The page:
These events occurred on a warm Sunday evening, in the spring of the year 2000. I was off to work yet again, leaving home to deliver my freight. This time it was a load of beer from a brewery in Virginia destined for the dry palates of the good beer drinkers of Atlanta, Georgia.

The more things change, the more things change
Leaving to go to work for an over-the-road trucker is different than most other occupations. The run has a beginning, but the return is usually not fixed in time. Things can intervene, things like mechanical breakdowns, traffic tie-ups, changed schedules while enroute. Leaving for the road always involves a degree of uncertainty, and uncertainty breeds stress. The tendancy is to stay home until the last minute, soaking up the pleasure of eating from your own plates with your own silverware, enjoying the company of your family, sleeping in your own bed. The beginning of every trip is a farewell, not just another shift.

Head 'em up, move 'em out!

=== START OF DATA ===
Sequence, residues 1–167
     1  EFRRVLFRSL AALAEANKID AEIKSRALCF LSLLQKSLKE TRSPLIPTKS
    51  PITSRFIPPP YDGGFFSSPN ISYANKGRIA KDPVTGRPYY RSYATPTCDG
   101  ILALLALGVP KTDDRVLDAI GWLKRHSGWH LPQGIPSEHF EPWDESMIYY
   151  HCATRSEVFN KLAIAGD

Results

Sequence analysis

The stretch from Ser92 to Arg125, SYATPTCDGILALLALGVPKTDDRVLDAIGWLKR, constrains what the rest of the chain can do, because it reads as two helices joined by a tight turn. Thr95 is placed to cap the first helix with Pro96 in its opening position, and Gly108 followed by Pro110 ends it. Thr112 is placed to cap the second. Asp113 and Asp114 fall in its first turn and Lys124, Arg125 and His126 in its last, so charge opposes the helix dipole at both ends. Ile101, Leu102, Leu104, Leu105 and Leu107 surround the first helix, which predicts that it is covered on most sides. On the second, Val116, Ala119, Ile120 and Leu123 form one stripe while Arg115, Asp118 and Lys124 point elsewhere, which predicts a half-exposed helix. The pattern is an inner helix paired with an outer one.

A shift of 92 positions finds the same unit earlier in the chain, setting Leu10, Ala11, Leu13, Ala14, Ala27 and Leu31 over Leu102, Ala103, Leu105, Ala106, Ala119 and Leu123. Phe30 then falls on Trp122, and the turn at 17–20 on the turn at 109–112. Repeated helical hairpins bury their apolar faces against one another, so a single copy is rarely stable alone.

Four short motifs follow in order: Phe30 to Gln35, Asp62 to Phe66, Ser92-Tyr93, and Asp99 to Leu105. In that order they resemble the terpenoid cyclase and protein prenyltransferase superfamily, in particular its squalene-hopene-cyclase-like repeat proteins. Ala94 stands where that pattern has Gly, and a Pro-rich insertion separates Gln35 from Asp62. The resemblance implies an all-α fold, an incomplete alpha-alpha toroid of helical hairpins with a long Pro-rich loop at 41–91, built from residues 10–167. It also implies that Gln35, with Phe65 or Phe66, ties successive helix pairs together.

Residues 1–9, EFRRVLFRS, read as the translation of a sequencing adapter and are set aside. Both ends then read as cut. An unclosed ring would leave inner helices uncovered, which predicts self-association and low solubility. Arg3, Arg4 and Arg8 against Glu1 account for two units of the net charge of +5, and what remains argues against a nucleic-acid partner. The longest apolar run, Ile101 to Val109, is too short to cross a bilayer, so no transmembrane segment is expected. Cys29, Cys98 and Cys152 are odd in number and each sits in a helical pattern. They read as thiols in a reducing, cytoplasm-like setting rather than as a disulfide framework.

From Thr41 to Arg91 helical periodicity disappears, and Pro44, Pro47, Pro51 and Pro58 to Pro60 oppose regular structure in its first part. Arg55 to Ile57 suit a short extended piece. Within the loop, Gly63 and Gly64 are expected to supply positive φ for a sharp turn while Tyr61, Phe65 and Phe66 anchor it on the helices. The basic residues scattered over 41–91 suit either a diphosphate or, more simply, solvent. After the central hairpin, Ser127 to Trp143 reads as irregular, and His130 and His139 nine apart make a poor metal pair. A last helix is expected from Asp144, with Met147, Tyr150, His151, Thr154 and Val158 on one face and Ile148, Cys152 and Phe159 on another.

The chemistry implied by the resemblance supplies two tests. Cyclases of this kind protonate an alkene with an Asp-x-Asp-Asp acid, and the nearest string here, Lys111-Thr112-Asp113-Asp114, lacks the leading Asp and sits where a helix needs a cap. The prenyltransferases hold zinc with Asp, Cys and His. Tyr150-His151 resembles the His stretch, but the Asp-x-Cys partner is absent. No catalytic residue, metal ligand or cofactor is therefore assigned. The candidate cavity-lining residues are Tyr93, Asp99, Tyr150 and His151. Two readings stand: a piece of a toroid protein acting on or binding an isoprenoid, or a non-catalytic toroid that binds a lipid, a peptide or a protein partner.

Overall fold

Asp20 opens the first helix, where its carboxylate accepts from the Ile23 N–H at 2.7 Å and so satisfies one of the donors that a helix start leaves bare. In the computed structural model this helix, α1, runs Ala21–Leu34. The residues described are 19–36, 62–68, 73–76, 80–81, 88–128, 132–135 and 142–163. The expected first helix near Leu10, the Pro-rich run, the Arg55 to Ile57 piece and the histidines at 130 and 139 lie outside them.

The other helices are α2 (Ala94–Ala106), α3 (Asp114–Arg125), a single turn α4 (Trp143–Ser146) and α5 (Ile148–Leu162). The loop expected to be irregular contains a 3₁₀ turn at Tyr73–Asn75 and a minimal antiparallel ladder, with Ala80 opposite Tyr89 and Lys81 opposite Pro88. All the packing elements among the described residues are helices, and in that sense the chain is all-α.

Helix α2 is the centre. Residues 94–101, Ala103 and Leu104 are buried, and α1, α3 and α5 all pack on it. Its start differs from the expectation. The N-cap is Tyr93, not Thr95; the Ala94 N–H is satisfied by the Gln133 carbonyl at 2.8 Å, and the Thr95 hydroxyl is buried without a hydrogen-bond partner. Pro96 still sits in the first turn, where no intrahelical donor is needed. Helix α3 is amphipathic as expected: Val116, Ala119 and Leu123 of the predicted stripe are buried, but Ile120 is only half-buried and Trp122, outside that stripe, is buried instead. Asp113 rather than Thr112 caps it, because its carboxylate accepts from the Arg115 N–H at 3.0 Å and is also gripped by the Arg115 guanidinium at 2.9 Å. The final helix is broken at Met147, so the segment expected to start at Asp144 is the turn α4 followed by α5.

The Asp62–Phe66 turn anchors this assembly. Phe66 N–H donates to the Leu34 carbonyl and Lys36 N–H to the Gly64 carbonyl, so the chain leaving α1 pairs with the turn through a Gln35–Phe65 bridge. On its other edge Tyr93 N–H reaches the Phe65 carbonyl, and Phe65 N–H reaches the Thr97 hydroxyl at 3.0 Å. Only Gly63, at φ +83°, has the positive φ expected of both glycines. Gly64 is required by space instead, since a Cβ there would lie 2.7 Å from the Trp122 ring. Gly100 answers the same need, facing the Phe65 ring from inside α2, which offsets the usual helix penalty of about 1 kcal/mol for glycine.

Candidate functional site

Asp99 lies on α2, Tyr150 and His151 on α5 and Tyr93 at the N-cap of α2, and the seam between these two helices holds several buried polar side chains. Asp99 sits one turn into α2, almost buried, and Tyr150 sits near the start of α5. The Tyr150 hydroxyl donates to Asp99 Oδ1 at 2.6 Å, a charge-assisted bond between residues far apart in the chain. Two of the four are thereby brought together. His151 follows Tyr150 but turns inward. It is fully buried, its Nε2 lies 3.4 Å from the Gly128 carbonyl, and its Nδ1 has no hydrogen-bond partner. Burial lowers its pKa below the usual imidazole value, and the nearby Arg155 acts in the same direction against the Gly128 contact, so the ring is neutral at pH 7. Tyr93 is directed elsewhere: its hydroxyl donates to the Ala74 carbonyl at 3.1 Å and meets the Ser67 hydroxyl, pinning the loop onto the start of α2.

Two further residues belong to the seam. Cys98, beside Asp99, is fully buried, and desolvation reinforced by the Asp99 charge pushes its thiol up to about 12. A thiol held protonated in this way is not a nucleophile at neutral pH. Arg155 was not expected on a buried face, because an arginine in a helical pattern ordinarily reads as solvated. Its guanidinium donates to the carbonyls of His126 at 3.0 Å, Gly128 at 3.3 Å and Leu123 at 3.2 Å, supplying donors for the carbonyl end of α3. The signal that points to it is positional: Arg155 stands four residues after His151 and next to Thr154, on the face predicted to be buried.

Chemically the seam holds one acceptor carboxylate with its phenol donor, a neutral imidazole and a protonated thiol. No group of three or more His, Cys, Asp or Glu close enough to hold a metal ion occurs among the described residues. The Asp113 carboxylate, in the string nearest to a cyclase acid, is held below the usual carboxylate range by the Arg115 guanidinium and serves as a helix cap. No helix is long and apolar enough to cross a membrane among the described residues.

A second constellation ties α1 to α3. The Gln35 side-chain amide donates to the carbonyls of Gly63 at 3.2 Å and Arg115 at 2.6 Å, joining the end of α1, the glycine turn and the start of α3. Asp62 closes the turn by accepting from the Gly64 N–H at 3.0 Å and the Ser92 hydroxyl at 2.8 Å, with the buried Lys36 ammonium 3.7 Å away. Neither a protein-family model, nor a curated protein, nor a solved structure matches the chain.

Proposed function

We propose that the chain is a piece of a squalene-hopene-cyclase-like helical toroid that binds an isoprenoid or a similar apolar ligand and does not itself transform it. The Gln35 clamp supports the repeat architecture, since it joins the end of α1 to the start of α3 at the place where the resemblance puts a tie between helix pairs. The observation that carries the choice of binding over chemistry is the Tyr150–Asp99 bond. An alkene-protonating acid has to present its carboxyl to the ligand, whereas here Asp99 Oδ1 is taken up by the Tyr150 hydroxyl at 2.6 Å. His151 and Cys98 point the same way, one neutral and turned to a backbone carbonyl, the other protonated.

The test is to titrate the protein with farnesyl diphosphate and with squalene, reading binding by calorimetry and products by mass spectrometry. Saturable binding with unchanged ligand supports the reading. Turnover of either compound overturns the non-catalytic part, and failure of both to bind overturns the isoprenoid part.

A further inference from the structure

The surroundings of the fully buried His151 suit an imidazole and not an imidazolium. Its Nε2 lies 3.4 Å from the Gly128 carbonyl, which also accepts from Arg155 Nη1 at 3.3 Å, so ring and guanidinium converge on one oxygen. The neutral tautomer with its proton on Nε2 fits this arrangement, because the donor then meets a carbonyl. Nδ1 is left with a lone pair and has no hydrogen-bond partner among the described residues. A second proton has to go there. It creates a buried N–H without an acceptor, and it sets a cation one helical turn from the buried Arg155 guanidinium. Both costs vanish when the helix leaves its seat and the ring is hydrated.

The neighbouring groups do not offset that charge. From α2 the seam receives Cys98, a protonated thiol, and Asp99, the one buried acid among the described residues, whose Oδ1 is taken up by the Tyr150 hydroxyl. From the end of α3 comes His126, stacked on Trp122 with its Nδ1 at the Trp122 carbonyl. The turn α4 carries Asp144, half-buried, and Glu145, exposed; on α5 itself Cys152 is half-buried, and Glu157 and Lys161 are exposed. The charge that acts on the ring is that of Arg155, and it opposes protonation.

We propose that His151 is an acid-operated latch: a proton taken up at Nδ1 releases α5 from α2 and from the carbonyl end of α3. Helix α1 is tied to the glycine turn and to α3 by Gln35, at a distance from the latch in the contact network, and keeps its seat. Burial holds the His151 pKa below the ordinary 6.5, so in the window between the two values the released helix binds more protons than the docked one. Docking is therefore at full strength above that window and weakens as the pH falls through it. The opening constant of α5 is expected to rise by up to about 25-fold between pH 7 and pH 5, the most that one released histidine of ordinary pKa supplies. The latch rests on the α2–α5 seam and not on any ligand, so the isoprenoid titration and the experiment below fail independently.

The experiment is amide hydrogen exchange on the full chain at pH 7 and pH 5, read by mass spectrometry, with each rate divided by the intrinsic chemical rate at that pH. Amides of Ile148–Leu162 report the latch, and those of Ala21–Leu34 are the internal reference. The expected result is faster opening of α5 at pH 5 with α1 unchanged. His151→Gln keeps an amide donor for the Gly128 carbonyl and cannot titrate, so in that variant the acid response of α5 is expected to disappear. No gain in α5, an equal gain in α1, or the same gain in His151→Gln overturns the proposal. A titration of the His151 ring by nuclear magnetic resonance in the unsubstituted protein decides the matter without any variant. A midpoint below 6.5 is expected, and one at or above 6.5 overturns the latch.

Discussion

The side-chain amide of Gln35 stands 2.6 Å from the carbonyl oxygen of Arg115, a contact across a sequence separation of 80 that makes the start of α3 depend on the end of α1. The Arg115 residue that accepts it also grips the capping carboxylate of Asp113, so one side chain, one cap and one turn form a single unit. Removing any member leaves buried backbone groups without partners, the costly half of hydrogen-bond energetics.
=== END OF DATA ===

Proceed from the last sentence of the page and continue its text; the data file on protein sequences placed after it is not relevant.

This Sunday evening had started like any of a thousand others. The staying home too long, the rush to finally get the wagon rolling, settling into the rhythm of the road. At that time I was a company driver, pulling a refrigerated trailer, euphemistically called a 'reefer' in the trade. Drivers identify with their trucks, draw a sense of oneness from them, form a team of flesh and steel. Most drivers have a nickname for their rig. A driver has pride in a faithful rig the way a Baptist preacher draws pride from having a faithful wife. It's just the way things should be. My rig was righteous, never failing, and I had the passenger side window cracked just a bit to hear that low diesel rumble as we ate up the blacktop. My terminal was near Roanoke, Virginia and my route was south down I-81 through Virginia, into Tennessee to Knoxville, where I'd hang a left down I-75 into Georgia and eventually end at 'Hotlanta'.